Scroll through the banner of any streaming platform. Keep a keen eye on the trailer of any digital release. Watch out for the opening credits of a new film. Chances are you will find one — and in some cases, a few more — actors from the Bengali film industry playing a significant role. Over the last few years — especially in the last 14 months or so that has seen us holed up at home because of the pandemic — actors from Tollywood, as the film industry here is known, for better or for worse, have been seen playing roles of import in many a big-ticket film or web series, co-starring notable names and being produced by big banners.
Jisshu Sengupta to Parambrata Chattopadhyay, Saswata Chatterjee to Tota Roy Choudhury, Swastika Mukherjee to Paoli Dam, there has been a burst of faces from Bangla cinema on the national stage, all of whom have managed to make a significant impact. Today, there is a rising demand in Mumbai (and beyond) for actors from this side of the country, with talent, professionalism, the ability to deliver under pressure and the desire to experiment, contributing to the clamour.
Nationally, their visibility may now be at a never-seen-before high, but these actors have been quietly doing some stellar work over the last decade or so. Paoli Dam turned heads way back in 2012 with her bold debut in Hate Story. It was in the same year that Parambrata Chattopadhyay made his foray into Hindi films with the much-feted Kahaani, the same film in which Saswata Chatterjee — also making his Bollywood debut — gave us the iconic Bob Biswas. Jisshu Sengupta made his Hindi film debut more than 15 years ago with Shyam Benegal’s Netaji Subhas Chandra Bose: The Forgotten Hero, while Swastika Mukherjee grabbed eyeballs in Dibakar Banerjee’s 2015 film Detective Byomkesh Bakshy!, co-starring Sushant Singh Rajput. Tota Roy Choudhury, who has had back-to-back Netflix releases this year with The Girl on the Train and Ajeeb Daastaans, made an impact in Madhur Bhandarkar’s Indu Sarkar four years ago, after being thrust firmly into the national spotlight with Sujoy Ghosh’s Bangla short film Ahalya.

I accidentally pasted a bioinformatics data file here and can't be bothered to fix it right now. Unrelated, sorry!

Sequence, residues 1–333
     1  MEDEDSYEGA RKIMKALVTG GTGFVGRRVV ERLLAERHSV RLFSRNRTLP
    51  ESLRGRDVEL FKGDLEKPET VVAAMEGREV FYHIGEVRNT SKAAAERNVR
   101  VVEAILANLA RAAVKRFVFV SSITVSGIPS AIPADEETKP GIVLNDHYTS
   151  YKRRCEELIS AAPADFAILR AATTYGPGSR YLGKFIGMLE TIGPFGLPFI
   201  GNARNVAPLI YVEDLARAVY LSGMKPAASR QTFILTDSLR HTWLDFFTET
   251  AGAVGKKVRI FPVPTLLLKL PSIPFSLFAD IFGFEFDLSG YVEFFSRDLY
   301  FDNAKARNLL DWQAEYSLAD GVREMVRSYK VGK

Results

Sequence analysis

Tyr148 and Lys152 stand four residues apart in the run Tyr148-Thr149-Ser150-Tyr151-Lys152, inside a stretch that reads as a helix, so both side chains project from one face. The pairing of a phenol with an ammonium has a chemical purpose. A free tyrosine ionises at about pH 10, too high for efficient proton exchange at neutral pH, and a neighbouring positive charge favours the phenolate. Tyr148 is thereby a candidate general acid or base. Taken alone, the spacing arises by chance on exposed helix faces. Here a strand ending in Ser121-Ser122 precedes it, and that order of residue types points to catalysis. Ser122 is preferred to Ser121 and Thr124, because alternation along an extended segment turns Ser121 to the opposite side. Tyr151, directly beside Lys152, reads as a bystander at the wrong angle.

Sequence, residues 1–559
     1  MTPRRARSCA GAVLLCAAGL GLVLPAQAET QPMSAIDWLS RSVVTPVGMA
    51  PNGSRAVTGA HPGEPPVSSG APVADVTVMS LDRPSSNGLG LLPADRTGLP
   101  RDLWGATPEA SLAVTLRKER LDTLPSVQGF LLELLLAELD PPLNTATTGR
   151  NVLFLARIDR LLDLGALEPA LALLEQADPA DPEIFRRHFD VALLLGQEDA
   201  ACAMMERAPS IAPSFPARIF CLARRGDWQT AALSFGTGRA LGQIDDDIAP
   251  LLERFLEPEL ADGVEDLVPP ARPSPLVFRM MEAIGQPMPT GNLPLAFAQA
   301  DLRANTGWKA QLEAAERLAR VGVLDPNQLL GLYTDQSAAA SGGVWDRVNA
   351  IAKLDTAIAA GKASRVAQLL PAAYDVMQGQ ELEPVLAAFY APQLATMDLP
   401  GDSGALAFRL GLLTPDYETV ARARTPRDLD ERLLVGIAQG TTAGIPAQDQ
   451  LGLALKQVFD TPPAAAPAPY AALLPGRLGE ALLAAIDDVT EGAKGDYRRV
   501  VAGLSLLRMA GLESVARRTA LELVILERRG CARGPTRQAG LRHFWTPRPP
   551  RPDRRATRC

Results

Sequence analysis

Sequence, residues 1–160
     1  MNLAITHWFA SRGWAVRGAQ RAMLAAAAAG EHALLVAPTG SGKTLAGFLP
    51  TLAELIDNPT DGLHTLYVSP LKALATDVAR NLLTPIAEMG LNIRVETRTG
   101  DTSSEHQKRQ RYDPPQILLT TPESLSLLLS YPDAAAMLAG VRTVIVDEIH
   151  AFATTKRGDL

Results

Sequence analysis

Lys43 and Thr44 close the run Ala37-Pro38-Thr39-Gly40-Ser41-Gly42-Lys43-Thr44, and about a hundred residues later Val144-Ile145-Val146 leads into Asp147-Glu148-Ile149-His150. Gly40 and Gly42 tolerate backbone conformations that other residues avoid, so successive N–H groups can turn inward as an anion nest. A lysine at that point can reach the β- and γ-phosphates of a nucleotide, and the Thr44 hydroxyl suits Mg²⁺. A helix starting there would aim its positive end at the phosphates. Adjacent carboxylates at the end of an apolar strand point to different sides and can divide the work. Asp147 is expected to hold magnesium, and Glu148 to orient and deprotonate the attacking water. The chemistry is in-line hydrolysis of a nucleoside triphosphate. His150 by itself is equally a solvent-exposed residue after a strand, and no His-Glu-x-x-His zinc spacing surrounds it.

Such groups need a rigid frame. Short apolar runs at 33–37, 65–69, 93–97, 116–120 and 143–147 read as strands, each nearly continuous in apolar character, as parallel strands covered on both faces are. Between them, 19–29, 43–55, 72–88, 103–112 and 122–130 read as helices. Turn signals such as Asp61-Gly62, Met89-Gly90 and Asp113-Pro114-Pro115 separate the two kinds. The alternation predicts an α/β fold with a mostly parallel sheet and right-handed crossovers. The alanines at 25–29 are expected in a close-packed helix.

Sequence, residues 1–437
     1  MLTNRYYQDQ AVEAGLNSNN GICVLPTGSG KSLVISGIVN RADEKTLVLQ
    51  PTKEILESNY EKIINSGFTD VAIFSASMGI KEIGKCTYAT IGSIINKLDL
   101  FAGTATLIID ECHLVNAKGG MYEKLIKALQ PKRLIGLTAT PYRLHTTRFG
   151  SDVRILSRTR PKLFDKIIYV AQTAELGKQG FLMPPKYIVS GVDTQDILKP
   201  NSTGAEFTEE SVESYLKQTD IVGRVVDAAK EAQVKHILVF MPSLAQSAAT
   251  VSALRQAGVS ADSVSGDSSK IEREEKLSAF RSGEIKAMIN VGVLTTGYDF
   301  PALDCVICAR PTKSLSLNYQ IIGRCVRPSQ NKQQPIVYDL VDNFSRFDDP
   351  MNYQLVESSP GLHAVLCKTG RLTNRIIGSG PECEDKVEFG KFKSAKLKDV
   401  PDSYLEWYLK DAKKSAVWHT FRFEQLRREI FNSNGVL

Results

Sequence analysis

However, it’s the dizzingly growing world of streaming platforms — on which content is paramount and actors are picked to play characters and not the quintessential ‘hero-heroine’ parts — which has given an undoubted impetus to the national careers of these Tollywood faces. “Kahaani gave me the kind of recognition that made people all over the country take note and say, ‘Okay, there is this kind of talent in Bengali films’. That was not only for me, it was also because of Apuda (Saswata Chatterjee) and some other actors from here. But I think the turning point has been the evolution of the OTT platforms, especially for actors like me who hail from other industries and work in Hindi projects. The evolution of the OTT space has blurred this national-regional divide,” says Parambrata.
The push provided by the digital platforms to the careers of these actors, and to that of many others, is there for everyone to see. Last year, both Param and Paoli featured in Bulbbul, which was one of the biggest digital successes of 2020, while Swastika made a huge impact with her empathetic turn in the much-appreciated Paatal Lok. With Sadak 2, Shakuntala Devi, Durgamati and Season 2 of Criminal Justice, all releasing on streaming platforms last year, Jisshu has been on a roll.
Recognition apart, the audience’s accessibility to watch an actor’s entire body of work has also been spurred by the digital boom. “Pari (co-starring Anushka Sharma) wasn’t a big box-office hit, but it came at a time when the digital space was taking off. If someone today watches Pari on Amazon Prime Video and likes my performance, then he will go back and try and see what other work I have done, most of which OTT has made readily available today. Even five years ago, you had to look very hard for a Bengali film or a south Indian film. As a result, the audience is getting exposed to actors from all over the country,” adds Param.
Plunging into Mumbai waters
Paoli believes that the rise in demand for regional actors, especially those from Bengal, has been because of the variety and versatility they bring in. “The audience, these days, likes watching a pan-India show, as opposed to a ‘Bollywood’ show. A pan-India show will invariably draw actors from different regions. Pratik Gandhi was a Gujarati actor for so many years, but now he’s a national face after Scam 1992. The variation of actors, the accents, the mannerisms are giving a certain richness to the content,” says Paoli. For Swastika, a Hindi project gives her an opportunity to play characters that are not bound by demographic or psychographic limits. “I have done a lot of experimental roles in Bengali cinema, but the look and feel of the characters I have played has been Bengali. In Hindi, you can play a character from anywhere. It gives you more space to explore and to grow,” says Swastika, who was shooting for Bulbbul maker Anvita Dutt’s Qala, co-starring Tripti Dimri and Irrfan’s son Babil, before the Covid-19 surge halted shoot.